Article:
Today’s yokai is extremely well-known and popular in Japan, made famous by Mizuki Shigeru’s yokai stories. However, like many of Mizuki’s works, it has its history way back in the ghost stories of the Edo period. If we look back at the original monster scroll paintings that started the whole Edo period yokai mania, we’ll find that nurikabe has changed quite a bit from his original form to the cute character most people know today. Many yokai have changed such, and their original forms were much scarier or more grotesque.
Nurikabe means “lacquered wall” and also the word for a plaster wall today. It comes from coastal regions of Japan, and was originally an invisible, wall-like manifestation that blocked people from walking late at night. Like most other invisible yokai, it was given a spectacular form by imaginative painters, and since then it has been depicted in various styles.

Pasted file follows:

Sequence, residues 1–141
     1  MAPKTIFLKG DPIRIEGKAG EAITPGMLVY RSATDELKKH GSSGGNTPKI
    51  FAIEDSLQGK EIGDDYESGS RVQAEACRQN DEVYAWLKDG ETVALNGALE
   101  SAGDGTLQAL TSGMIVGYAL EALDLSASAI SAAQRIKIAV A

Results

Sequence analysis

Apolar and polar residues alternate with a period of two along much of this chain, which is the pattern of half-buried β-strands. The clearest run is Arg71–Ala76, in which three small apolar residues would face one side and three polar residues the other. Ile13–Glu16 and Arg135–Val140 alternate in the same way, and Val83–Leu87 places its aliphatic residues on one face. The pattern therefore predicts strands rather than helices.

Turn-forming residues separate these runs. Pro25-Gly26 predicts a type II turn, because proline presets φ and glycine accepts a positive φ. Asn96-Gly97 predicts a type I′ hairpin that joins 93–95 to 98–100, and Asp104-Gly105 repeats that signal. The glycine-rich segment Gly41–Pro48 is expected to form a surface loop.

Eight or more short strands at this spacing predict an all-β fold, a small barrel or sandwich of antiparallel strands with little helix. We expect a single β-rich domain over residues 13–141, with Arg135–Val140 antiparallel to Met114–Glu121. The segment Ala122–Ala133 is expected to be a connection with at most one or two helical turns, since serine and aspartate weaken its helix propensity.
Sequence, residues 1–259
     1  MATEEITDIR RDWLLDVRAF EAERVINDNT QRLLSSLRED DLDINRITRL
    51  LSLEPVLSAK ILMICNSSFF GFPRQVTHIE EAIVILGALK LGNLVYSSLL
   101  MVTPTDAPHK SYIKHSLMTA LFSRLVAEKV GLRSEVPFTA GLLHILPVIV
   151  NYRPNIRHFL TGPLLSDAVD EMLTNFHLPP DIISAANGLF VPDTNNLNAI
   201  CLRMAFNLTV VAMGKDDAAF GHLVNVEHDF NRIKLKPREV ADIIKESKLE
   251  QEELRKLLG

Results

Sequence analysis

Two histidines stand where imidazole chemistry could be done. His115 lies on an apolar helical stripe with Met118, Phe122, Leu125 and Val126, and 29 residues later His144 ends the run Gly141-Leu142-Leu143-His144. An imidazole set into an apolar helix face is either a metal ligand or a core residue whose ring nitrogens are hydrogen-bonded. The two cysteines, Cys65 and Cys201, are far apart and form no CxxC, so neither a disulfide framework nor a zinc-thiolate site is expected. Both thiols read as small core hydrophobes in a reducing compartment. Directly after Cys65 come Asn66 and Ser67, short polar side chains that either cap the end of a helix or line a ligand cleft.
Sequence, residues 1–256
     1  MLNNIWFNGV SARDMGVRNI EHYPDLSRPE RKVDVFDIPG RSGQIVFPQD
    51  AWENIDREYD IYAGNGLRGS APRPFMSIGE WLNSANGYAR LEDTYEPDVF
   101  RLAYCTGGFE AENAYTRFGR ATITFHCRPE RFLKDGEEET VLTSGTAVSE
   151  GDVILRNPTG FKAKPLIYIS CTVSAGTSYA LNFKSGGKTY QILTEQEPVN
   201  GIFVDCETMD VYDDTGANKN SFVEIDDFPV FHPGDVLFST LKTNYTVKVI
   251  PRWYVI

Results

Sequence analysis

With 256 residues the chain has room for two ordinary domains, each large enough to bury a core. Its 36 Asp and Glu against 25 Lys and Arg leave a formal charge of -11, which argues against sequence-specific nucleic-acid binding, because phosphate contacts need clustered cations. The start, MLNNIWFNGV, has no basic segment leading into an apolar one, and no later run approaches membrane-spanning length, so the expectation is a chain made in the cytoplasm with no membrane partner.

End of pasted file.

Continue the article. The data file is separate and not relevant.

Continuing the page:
One of the most famous depictions of a nurikabe comes from a scroll by Kanō Tōrin Yoshinobu painted in 1802. I think his nurikabe looks kind of like a mix between an elephant and the luck dragon from The NeverEnding Story… Others have painted him as simply a broad face on the surface of a house’s wall, almost like a kind of wall tsukumogami.
Nurikabe appear on roads late at night. As you are walking, right before your eyes, an enormous, invisible wall materializes and blocks your way. There is no way around it, as it extends as far as you can go to the left and right. There is no way over it, and it cannot be knocked down either. However, it is said that if you tap it near the ground with a stick, it will vanish, allowing you to continue on your way.
In some locations, nurikabe is thought to be a manifestation of a mischievous itachi or tanuki. In the case of a tanuki, the wall itself is the animal’s enormous scrotum (!) stretched out across the road to block your way. Imagine bumping into that! (Though it does help explain why hitting the part near the ground would make it disappear… ouch!)
Are you interested in yokai? Can’t get enough of strange Japanese culture? Then you should check out my book, The Night Parade of One Hundred Demons, on Amazon.com and learn the story behind over one hundred of these bizarre monsters!